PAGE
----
Tuesday, July 28, 2009

Gently down the stream

To cut a long story short: Here's another entry featuring Napoleonic troops for our Sharpe & Aubrey games. This time I tried to stage a little levée en masse, that is painting two small units instead of single miniatures in a set time frame (1 week). Fellows who can build up an army litterally overnight may laugh at my trial, but I'm proud that I managed to do it. Now I have quite enough troops to stage the (hopefully) gran finale of our campaign. We will be using Triumph & Tragedy, a quite innovative rule set for bigger to large skirmish games (perhaps comparable to Sharp Practice in size).

So, here's the first bunch, five British Light Infantrymen and two Rifles:

The riflemen are once again Perry plastics (with the former ones I've build all variations of this kit), the Light Bobs are Foundry. Although the Perrys' style has changed - and improved - a lot since they worked for Foundry, I've to admit that even their earlier Napoleonics are looking still up to date.
As you can see, the rifles are of the 95th (of course!), and the Lights are painted as soldiers of Sharpe's imaginary regiment, the South Essex.

They are joined by a landing party, built up from Foundry's small Napoleonic seamen range. First I was disappointed by the physiognomy of these figures; some of them look rather distorted.

On the other hand their expressive (or better: aggressive) faces and poses just fit the bill. At last, these are angry sailormen, ready for boarding and beating the devil out of some Frenchmen...

Fantasy was my guide when painting the uniforms (one seems to have looted an army depot), since my Osprey books are already packed up for I'm currently moving house. That's also why I cannot post as regularly as I want to. Fortunately, painting is going well, so there are already some updates in the line, when things will be settled down again.

Models by Perry Miniatures and Wargames Foundry, painted in July 2009 (terrain by Grand Manner or scratch-built by me).


Giles said...

Very nice indeed. The British regulars are definitely earlier Perry sculpts (e.g. the gnomish proportions), but do stand up well. I think Nick Collier is responsible for the seamen and Royal Marines - his faces can sometimes be a bit odd, at other times are the equal of the Perries. I've had the occasional thought of painting some up as an AWI landing party. Beautiful painting and photos, as always!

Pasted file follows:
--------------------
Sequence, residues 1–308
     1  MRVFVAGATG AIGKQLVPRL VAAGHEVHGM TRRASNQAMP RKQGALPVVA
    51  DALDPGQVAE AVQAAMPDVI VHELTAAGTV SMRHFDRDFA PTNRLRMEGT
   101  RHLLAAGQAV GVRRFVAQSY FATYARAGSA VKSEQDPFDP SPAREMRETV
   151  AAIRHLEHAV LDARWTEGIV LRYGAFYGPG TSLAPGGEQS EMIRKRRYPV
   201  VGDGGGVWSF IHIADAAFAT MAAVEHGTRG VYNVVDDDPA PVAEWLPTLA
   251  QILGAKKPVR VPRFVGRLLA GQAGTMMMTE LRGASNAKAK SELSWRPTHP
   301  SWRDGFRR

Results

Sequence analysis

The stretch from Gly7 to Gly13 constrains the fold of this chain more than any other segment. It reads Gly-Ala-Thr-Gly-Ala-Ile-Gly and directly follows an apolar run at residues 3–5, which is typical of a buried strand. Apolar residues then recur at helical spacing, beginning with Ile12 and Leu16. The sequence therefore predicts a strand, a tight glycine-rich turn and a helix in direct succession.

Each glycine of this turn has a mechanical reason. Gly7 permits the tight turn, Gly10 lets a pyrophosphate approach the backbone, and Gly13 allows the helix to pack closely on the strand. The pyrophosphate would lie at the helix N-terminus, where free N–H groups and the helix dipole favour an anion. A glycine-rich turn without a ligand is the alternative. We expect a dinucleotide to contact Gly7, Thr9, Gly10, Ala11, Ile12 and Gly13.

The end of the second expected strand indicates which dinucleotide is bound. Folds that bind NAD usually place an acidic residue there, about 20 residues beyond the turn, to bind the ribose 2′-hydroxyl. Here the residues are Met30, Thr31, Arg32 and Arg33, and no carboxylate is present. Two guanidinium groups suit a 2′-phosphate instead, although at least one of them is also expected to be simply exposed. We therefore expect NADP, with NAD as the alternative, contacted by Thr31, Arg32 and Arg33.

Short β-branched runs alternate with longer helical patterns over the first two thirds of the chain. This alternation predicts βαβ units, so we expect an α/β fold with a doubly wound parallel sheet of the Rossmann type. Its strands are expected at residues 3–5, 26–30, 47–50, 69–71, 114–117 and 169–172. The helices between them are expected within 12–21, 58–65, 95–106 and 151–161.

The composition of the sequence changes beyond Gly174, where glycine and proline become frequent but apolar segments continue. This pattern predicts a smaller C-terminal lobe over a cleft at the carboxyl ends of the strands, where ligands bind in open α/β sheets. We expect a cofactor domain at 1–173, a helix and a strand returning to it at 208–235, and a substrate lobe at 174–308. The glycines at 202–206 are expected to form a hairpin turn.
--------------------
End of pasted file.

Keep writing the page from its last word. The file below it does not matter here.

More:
Best wishes


jmezz382 said...

Great painting .... looks awesome

Sire Godefroy said...

Thanks, chaps! :-)

Photography is still an issue - my (over)critical eyes tell me that the pics are rather blurry and the miniatures still look too shiny. If only I could manage to take pictures by daylight or with two movable lamps, I think it would improve the photos a lot. But enough whining, I'll work on that.


Faust said...

I gotta tell ya, this is one of my favorite places to visit on the web! You just knock this hobby right outta the park!

Keep up the great work, it inspires me, and right now I'm sorely in need of some painting inspiration.

Much thanks,


Giles said...

SG, your photography is fine, and any miniatures are going to have some shine on them whenever in light (natural or otherwise). I think many in this hobby obsess overmuch about photos - there is a well known forum, for example, that runs painting competitions where people seem to vote for the quality of photography ahead of the quality of the painting! Ultimately, it's only the figures themselves that matter.

Sire Godefroy said...

Faust, to provide inspiration to like-minded people is one of the greatest compliments for me. Many thanks - I'm looking forward to see you at the brush again. ;-)

Giles, all true! Unfortunately, the internet has a two-edged effect: It's a hoard of inspiration and thereby improves the hobby a lot. On the other hand, at times it can be quite frustrating to compare your efforts to what other people can achieve - and not to know what you've done 'wrong'. Can't really stand above this thinking...
Anyway, thanks for your kind and encouraging words - the more as your work is quite an example for me. :-)


Secundus said...

Lovely work as always!

I haven't looked it up but i didn't know the South Essex was made up, you learn something new every day.

Sire Godefroy said...

Thanks, Secundus. :)
Indeed, the South Essex is fictional (there's a Wikipedia article), loosely connected to the 44th (East Essex) Regiment, it seems.



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